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Red Shift Ltd
Bill Potts
Adventure: Graphic
ZX Spectrum 48K

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Angus Ryall
Chris Bourne

Interesting enough, this month I had to set things up to review just two'heavyweight' games, both of which are menu driven.

However, while Alien definitely live up to, and even exceeds expectations, The Tripods does not. The packaging is nice (as indeed is Alien's) and include a large full-colour map of France, showing the various rivers and the White Mountains, your destination. But I began to have doubts about the game when I started reading the instruction booklet. It promised lots of interaction with NPCs (non-player characters) but said nothing about how this was going to take place. Not to worry, I though, all will probably be revealed in the game itself. This did not transpire.

There is a basic menu, consisting of looking left or right, moving, eating and getting status reports on helath and possessions. There are also options to pick up or not to pick up objects - you cannot drop objects. A special menu comes up when there are Tripods around - you can look left or right, move, or try to dazzle it, try to disorientate it, or examine your pack. Great, I thought, I just happened to have found a grenade lying around earlier, let's try and blow one of its legs off. But I was not able to get the pineapple out of my pack, let alone fragmentise the machine with it. This same problem seemed to apply to all sorts of other things as well - for example, there are shops dotted all over the place, and you carry money with you.

Foolishly, I jumped to the conclusions that you would be able to into these shops and buy things. Well, apparently you can't; perhaps you have to find a translator (a babel fish perhaps?) first, but there is nothing to give you a clue. While this is quite acceptable, indeed half the fun, in a text-interpretive adventure, in a ten input menu driven game, it seems obfuscatory to say the least.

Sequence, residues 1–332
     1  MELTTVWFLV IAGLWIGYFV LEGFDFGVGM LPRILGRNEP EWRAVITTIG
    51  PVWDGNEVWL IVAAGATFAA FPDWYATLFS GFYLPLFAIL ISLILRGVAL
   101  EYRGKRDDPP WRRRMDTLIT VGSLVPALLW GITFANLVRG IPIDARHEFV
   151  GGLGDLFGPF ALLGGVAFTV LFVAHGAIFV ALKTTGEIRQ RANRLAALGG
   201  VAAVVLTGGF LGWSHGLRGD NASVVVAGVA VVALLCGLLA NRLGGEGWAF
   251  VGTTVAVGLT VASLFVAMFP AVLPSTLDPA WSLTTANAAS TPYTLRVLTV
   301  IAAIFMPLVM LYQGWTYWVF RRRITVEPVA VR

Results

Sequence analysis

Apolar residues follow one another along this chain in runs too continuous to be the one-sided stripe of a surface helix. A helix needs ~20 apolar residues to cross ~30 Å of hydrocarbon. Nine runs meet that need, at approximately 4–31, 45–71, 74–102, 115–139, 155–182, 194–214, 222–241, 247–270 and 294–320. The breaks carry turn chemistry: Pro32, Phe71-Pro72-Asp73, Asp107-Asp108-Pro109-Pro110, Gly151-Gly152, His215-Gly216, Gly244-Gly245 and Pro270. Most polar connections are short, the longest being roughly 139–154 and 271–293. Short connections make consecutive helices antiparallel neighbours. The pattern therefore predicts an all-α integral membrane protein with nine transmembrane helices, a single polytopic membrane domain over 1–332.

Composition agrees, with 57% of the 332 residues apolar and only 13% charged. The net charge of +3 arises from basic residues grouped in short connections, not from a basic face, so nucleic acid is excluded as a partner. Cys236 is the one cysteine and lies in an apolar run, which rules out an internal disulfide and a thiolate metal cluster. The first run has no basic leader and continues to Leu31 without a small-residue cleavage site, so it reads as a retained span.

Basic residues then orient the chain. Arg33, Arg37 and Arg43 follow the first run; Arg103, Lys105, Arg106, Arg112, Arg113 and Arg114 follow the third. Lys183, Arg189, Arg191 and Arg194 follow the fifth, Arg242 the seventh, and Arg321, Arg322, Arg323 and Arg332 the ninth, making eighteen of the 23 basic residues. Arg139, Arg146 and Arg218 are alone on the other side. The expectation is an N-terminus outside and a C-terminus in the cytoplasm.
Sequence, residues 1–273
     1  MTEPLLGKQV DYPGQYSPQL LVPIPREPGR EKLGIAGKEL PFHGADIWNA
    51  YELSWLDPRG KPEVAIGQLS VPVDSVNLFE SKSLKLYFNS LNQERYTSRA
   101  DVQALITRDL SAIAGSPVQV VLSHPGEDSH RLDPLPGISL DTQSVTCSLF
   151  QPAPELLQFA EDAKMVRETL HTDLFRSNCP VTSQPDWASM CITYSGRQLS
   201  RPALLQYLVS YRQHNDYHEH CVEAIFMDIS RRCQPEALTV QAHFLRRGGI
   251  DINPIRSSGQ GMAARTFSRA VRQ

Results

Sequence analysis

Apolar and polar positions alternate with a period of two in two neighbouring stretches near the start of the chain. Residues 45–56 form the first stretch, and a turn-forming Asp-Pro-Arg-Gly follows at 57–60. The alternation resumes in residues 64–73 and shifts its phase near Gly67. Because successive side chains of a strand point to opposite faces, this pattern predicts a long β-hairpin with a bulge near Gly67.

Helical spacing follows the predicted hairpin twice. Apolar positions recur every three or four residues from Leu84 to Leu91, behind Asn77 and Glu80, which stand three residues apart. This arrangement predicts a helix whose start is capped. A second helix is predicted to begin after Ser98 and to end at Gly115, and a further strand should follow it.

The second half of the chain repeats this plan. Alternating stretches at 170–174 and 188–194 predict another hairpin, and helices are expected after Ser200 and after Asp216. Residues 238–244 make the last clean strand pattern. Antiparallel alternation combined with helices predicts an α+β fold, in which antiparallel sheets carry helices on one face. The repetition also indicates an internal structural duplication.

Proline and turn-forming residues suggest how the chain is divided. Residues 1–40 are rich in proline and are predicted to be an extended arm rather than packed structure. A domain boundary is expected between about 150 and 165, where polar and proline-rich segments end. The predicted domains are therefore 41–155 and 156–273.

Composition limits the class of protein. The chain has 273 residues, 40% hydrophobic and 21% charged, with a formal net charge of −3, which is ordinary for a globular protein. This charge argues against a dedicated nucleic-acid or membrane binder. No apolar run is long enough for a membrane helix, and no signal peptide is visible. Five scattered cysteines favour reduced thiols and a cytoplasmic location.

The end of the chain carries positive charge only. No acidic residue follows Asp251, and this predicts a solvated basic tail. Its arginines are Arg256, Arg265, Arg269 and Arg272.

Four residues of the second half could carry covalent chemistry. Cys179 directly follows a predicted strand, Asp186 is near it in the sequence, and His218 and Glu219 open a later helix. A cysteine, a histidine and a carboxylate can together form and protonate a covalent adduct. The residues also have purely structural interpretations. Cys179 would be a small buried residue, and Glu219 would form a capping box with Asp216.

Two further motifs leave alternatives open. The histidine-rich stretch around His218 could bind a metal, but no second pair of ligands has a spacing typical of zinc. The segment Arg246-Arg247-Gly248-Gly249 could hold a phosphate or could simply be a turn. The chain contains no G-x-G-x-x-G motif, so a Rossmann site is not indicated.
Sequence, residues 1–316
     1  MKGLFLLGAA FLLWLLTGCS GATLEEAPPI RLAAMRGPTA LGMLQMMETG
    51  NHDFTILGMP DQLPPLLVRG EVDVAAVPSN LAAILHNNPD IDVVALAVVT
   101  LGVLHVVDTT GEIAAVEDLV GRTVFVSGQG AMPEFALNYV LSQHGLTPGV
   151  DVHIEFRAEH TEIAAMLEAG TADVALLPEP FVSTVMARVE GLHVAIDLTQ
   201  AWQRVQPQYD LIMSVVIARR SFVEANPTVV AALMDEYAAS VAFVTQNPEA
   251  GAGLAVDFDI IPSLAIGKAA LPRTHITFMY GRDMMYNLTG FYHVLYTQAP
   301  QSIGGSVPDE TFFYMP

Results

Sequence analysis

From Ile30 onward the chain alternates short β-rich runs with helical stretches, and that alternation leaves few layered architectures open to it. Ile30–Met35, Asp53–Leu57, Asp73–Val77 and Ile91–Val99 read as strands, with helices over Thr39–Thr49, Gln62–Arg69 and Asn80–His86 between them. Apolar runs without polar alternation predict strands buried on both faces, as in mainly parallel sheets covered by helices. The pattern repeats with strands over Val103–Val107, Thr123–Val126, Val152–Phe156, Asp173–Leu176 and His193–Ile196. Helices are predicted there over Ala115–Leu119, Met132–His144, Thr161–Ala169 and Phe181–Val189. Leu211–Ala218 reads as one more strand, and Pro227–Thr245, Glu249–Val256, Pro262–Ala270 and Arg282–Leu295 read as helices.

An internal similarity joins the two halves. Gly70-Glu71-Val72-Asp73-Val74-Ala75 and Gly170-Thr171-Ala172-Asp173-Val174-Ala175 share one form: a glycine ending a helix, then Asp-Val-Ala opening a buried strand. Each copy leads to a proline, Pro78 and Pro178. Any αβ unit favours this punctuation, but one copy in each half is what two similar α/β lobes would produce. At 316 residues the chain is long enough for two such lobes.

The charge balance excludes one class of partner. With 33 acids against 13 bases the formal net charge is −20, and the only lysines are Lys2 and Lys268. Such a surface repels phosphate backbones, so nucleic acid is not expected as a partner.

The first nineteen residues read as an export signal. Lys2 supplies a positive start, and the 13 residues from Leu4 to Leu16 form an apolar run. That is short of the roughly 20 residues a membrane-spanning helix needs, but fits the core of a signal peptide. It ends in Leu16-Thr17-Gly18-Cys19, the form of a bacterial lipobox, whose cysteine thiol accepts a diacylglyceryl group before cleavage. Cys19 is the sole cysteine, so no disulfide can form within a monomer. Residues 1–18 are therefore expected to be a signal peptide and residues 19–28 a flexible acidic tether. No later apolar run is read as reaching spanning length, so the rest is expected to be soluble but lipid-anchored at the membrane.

That you can't apparently do very much in the game is not its only shortcoming. The graphics also leave a lot to be desired. Red Shift have gone for their own 'landscaping' system, giving them (I would guess) several thousand views in the game. Each part of the picture is well drawn - there are four or five different kinds of trees, loads of different buildings, bridges, marshes and so on - but they are assembled to form pictures that throw perspective out of the window. There are also a series of graded lines drawn across the top of each picture, which I presume are intended to enhance the overall three-dimensional feel of the picture - I found them messy and irritating to look at; the drawing time of the pictures is not fast; and this is a complaint which applies to the whole game - response time is far too slow. Most of the game is written in BASIC, which means you get these tedious pauses between pressing a key and being able to do something else. And occasionally, for example when you come across a Tripod and need to move fast, these delays make effective gameplay impossible. I gather that The Tripods was going to be the game that would revive a rather ailing Red Shift but I have the feeling that it may be their death warrant instead.


Overall Verdict: However much you liked the TV series, don't buy this game. You'd be better of waiting for Ocean's Frankie.

Not Rated